Interview The Subways: ‘We Still Think Of Ourselves As Three Geeky Kids From Hertfordshire’

Joanie Eaton catches up with the band to discuss the new record, touring and… The Belgians’ lack of rhythm.

Hoorah, The Subways are back. After the success of their 2008 album, ‘All Or Nothing’, the pop-punk trio are back from a lengthy European festival tour accompanied by the release of their third album, ‘Money and Celebrity’. Joanie Eaton caught up with them to discuss the new record, touring and… The Belgians’ lack of rhythm.

So you guys have just come back from touring, haven’t you? I bet you’re knackered.

Billy: Yep, we’ve just done a sort of European festival tour. A little bit! But it’s good to get the blood pumping again- we’ve been stuck in recording and rehearsal studios for the last year and a bit, so you know being on tour is what we find natural.

How was it all?

B: Yeah, it was brilliant. Really amazing. The new songs went down brilliantly, which is so good to see, after working on something for so long to see the audience really enjoying the new material is great.

How long did the album actually take?

B: Well, we were in a rehearsal studio all of last year pretty much, writing and demoing the album. And we started recording in…January?
Charlotte: Yeah, the recording process itself was pretty quick. I think because we worked so long and hard on the songs we were all really prepared and ready to go. We were in the hands of a really amazing producer.

Speaking of your producer - Stephen Street worked with you for the new record, ‘Money and Celebrity’. He’s worked with some great British bands like The Smiths, Blur, Kaiser Chiefs and you’re carrying on that trait. Was there any particular reason why choose to work with him?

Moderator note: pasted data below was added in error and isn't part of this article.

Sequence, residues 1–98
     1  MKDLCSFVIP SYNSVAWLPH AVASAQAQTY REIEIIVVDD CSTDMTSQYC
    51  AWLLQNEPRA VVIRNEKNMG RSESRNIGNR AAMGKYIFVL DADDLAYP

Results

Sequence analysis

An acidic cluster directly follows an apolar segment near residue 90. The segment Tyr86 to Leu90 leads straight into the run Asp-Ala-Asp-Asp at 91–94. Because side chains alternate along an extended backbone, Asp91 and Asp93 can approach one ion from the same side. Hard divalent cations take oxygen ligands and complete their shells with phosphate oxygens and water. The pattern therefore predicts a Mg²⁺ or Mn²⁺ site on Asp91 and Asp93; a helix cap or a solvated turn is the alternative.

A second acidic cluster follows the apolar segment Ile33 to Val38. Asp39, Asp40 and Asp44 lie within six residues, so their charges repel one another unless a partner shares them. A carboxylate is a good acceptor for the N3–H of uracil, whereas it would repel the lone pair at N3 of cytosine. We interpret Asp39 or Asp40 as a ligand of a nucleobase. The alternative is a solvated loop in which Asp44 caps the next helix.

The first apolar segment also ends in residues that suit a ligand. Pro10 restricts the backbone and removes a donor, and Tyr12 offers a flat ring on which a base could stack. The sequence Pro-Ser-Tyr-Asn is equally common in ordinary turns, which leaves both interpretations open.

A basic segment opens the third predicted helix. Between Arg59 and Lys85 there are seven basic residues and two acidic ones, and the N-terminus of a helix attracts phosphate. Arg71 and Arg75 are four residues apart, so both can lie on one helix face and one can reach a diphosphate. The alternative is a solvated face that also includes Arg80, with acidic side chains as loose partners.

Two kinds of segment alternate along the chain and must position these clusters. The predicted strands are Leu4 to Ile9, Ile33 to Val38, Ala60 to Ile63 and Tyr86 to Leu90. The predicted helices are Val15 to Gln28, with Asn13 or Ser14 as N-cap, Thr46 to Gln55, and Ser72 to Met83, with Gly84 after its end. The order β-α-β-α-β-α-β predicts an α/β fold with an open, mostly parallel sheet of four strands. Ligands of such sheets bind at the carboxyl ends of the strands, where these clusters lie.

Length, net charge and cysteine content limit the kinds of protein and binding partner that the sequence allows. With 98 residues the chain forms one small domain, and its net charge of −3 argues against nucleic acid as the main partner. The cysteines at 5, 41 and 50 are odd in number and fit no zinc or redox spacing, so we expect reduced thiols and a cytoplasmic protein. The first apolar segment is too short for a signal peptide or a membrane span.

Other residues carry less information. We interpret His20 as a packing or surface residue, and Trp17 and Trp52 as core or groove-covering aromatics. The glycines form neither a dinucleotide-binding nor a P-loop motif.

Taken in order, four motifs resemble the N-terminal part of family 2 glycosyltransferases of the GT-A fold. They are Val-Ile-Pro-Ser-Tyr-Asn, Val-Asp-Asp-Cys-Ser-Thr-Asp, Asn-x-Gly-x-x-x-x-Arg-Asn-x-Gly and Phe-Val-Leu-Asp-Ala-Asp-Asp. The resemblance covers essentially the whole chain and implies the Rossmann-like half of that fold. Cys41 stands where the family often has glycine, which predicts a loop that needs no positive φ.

B: About half way through the demoing process I turned to these guys [Charlotte and Josh] and said “Stephen Street would be so good for this record, wouldn’t he?” And once we finished all the tracks, we chucked about 50 away and ended up with 12. We put the 12 demos on CD, gave it to our manager and said “Right, the first person we want you to give this to is Stephen Street.” And then a week later I got a phone call [impersonates fake phone] from Stephen Street saying “Heard the CD. Fantastic! Let’s talk about making this record!” It was just a great feeling.

You’re fresh from touring in Europe - how does a European show compare to a gig in the UK?
B: It’s pretty similar. But obviously when a European crowd sing the lyrics, there’s a hint of an accent in there, which is just the cutest thing. The Belgians can’t clap in time…they have a severe beat/pulse issue (Charlotte and Josh laughing). But everything else they do is exceptional! Apart from that there’s not much difference. They’re all special.

So, obviously festivals are really important to you guys- you got your big break in 2004 by winning a competition to play at Glastonbury and you have a cult following at the Reading/Leeds festivals. But this year in particular, festivals have been under a hell of a lot of scrutiny with tickets either not selling out or selling out slower than usual. Do you think that this could be an ongoing issue?
B: To be honest with you, I think festivals have become more popular; there are so many festivals for everybody to go to now. People are always going to go to festivals, I don’t see there being any real decline it’s just there are more options for people to choose from now. You’ve got specific festivals catering for every kind of music taste…
Josh: I think in this financial climate, people go to their local festivals. There are some big bands headlining local festivals now.

I was actually watching the Reading festival highlights and there was a guy holding up a banner that said “BRING BACK THE SUBWAYS”. I thought that was brilliant.

C: We saw that! He’s awesome, we love him! We’ve been in contact with the guy on Twitter; we’re going to send him a t-shirt.
B: Yeah, apparently he ripped off the top of a Papa John’s pizza box and wrote it!
C: What a dude, he’s so cool.

So, with that in mind do you have any UK festival plans for next year?

B: Yep, definitely.

You’ve got a big UK tour coming up very soon. Looking forward to doing some home gigs?

C: Oh, we can’t wait. The tour we just played took 10 weeks and we went across all of these different European countries, which has been amazing. But like you say, it’s brilliant to get back to the UK and just to play home gigs will be just absolutely amazing. We can’t wait.

So, you’ve got the new album out on September 19th. What made you decide on the title, ‘Money and Celebrity’?